Quantifying fault tolerant simulation of strongly correlated systems using the Fermi-Hubbard model

Agrawal AA, Job J, Wilson TL, Saadatmand SN, Hodson MJ, Mutus JY, Caesura A, Johnson PD, Elenewski JE, Morrell KJ, Kemper AF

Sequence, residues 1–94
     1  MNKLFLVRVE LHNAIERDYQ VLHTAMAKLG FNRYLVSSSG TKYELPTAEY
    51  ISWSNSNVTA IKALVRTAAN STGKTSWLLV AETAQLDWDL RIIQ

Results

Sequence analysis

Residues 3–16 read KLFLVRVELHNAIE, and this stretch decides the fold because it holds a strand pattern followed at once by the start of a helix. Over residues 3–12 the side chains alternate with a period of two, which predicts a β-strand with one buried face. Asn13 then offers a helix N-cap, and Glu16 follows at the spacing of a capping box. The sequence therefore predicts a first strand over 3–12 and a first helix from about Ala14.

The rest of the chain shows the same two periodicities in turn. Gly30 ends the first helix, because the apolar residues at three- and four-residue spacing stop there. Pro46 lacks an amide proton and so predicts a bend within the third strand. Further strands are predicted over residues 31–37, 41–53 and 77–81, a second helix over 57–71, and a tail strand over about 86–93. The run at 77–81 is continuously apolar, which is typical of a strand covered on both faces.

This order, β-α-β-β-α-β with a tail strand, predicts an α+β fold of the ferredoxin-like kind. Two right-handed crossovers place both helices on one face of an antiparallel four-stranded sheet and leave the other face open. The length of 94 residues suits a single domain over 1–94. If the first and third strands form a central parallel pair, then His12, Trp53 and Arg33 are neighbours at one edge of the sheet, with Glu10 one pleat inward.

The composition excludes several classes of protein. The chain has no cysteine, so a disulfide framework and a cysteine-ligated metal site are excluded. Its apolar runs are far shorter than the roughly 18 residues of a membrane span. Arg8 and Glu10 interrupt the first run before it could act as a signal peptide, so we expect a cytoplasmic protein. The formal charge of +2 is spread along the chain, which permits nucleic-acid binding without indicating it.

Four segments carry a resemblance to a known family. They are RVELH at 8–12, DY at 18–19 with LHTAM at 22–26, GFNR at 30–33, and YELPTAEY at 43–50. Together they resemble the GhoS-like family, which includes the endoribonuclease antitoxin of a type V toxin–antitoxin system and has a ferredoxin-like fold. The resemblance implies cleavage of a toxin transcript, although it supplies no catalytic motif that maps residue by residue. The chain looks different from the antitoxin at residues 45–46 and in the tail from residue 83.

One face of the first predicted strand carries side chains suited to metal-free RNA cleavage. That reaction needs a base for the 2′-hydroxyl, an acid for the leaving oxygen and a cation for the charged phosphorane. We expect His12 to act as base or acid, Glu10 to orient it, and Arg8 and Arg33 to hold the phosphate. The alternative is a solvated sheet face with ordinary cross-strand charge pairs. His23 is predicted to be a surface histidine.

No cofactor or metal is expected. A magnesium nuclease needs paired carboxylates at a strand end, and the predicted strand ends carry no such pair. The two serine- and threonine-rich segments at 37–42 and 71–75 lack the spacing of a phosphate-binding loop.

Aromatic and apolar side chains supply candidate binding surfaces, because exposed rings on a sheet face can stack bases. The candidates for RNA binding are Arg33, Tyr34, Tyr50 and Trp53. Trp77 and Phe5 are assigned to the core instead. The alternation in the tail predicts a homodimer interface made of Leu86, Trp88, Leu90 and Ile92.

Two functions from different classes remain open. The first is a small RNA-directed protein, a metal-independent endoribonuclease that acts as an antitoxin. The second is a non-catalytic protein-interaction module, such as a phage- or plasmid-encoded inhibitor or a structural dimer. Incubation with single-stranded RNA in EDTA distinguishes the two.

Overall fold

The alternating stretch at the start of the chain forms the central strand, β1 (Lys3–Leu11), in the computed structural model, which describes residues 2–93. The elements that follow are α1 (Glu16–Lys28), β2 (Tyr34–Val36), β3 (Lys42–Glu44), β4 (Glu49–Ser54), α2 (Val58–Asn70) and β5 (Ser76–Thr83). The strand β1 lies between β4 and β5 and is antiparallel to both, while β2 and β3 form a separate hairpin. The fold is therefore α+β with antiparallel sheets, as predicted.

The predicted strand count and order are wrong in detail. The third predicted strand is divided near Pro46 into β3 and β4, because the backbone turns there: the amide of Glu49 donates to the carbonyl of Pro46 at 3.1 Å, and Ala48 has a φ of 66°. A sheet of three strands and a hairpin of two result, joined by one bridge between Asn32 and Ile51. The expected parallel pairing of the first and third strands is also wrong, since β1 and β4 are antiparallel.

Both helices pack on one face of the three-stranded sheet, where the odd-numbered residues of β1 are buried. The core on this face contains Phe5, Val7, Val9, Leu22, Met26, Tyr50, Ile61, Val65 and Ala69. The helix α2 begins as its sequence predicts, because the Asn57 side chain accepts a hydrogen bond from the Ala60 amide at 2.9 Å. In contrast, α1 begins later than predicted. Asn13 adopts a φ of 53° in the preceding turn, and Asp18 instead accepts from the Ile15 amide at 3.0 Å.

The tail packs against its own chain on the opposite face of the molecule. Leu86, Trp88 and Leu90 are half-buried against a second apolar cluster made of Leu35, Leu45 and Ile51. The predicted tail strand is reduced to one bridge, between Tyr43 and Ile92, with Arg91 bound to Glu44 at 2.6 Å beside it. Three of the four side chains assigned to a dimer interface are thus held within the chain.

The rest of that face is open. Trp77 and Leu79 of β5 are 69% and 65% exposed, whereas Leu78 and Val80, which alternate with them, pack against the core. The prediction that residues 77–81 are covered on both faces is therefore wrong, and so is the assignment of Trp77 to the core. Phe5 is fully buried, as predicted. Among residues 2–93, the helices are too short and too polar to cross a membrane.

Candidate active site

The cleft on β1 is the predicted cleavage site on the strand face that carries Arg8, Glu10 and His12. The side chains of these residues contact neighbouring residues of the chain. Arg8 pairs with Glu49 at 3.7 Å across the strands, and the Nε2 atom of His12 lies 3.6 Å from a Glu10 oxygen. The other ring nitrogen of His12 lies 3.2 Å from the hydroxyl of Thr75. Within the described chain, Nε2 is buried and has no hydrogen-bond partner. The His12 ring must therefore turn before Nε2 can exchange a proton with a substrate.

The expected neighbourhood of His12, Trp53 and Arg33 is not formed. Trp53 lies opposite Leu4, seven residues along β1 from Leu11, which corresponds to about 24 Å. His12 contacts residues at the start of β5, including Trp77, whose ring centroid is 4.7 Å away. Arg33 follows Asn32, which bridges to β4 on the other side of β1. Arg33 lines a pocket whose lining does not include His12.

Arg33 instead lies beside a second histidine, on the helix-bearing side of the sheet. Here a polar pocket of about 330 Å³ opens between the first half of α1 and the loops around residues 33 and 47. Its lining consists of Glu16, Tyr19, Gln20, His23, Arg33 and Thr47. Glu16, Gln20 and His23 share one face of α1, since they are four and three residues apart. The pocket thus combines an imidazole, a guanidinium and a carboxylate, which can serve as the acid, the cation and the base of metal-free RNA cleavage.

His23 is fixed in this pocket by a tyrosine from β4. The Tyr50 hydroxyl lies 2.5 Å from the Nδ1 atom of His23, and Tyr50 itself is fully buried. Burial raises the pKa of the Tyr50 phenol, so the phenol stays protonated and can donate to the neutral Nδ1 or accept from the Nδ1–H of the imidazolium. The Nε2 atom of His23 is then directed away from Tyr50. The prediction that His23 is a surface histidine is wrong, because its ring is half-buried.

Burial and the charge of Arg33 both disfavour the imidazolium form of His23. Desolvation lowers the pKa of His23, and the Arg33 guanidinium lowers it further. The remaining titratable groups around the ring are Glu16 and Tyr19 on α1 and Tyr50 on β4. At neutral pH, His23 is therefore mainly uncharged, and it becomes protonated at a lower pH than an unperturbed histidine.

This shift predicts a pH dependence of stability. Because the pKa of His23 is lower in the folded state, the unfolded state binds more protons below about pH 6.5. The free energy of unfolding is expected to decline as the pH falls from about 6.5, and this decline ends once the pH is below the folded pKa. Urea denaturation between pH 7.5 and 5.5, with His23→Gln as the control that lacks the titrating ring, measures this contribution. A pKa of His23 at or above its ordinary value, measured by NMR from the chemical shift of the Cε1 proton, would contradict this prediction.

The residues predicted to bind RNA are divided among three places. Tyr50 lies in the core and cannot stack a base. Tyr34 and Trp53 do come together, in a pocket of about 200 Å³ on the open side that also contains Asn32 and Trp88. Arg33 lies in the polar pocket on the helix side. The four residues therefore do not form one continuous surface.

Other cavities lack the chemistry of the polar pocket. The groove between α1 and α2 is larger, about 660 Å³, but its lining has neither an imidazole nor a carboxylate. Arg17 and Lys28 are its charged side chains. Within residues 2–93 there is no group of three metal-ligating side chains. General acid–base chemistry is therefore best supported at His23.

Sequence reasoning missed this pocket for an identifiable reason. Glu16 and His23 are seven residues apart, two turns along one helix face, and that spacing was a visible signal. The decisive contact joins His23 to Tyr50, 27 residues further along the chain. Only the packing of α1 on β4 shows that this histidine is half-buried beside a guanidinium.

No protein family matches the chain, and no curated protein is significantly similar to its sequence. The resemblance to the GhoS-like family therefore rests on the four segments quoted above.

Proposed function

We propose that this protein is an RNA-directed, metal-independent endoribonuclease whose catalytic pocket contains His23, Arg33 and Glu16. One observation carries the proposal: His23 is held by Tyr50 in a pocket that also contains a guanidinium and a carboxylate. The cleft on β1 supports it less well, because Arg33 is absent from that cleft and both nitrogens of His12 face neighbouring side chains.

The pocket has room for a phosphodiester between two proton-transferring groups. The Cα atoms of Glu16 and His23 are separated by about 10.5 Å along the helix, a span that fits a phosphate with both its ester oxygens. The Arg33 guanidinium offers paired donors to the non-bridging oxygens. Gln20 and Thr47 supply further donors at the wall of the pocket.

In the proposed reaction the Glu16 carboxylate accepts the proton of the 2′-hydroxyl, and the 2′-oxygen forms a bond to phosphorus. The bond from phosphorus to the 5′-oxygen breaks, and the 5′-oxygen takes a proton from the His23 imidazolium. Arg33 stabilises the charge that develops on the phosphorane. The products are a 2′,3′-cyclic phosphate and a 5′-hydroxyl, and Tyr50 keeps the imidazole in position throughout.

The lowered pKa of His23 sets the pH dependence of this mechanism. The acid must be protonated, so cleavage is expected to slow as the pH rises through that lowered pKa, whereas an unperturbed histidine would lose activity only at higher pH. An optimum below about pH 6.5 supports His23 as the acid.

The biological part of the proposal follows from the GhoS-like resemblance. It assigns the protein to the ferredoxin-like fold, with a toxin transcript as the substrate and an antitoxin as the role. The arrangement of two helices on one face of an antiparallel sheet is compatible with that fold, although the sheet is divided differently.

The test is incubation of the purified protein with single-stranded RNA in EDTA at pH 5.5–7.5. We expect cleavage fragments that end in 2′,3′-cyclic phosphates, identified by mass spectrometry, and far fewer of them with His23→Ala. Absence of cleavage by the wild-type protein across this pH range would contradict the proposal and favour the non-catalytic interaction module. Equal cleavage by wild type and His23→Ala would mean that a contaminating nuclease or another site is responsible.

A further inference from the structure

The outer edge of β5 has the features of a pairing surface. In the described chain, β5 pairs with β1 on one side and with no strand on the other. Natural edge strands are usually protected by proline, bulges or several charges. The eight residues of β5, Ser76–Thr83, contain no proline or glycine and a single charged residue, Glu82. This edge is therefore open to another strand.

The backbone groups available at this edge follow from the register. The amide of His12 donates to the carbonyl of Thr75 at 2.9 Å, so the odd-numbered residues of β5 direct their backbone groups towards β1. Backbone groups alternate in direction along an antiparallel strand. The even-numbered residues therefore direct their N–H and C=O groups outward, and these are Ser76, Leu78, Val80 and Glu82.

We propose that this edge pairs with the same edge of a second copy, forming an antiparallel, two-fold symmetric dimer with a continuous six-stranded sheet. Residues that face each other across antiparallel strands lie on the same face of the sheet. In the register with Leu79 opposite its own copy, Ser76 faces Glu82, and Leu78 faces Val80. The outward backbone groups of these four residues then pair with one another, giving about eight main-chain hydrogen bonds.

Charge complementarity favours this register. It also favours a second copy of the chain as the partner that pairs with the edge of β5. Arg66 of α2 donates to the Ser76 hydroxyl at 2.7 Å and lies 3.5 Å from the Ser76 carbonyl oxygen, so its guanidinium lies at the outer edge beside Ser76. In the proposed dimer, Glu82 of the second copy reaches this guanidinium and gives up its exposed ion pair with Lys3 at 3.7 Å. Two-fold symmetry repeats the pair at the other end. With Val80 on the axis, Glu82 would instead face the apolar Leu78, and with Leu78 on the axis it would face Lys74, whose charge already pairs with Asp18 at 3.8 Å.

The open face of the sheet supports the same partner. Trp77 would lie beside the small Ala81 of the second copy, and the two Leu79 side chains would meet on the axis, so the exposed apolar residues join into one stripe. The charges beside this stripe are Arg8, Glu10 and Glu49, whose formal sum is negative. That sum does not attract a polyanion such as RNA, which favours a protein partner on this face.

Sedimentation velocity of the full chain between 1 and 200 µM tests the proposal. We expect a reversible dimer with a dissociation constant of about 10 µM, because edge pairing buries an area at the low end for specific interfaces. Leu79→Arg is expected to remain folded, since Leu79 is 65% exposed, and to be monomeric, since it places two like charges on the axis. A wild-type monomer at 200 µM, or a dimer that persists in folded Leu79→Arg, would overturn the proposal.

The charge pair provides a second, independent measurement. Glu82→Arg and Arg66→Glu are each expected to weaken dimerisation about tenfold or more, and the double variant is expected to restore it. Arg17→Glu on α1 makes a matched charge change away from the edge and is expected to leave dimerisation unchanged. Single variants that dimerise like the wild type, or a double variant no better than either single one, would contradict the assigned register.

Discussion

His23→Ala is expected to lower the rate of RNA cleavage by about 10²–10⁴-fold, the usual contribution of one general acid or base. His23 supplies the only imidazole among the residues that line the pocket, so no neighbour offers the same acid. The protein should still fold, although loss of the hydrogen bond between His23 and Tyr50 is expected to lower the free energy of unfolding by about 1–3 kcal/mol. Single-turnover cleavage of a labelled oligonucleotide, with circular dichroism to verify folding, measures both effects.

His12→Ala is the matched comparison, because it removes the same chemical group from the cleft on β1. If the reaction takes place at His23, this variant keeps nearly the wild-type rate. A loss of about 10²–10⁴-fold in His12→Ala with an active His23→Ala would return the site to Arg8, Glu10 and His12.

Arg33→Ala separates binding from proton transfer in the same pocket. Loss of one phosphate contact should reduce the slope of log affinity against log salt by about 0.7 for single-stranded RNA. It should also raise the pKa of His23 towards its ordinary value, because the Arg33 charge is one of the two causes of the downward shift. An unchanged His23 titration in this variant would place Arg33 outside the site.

Understanding the physics of strongly correlated materials is one of the grand challenge problems for physics today. A large class of scientifically interesting materials, from high-Tc superconductors to spin liquids, involve medium to strong correlations, and building a holistic understanding of these materials is critical. Doing so is hindered by the competition between the kinetic energy and Coulomb repulsion, which renders both analytic and numerical methods unsatisfactory for describing interacting materials. Fault-tolerant quantum computers have been proposed as a path forward to overcome these difficulties, but this potential capability has not yet been fully assessed. Here, using the multi-orbital Fermi-Hubbard model as a representative model and a source of scalable problem specifications, we estimate the resource costs needed to use fault-tolerant quantum computers for obtaining experimentally relevant quantities, including ground state preparation and correlation function estimation. We find that advances in quantum algorithms and hardware will be needed in order to reduce quantum resources and feasibly address utility-scale problem instances.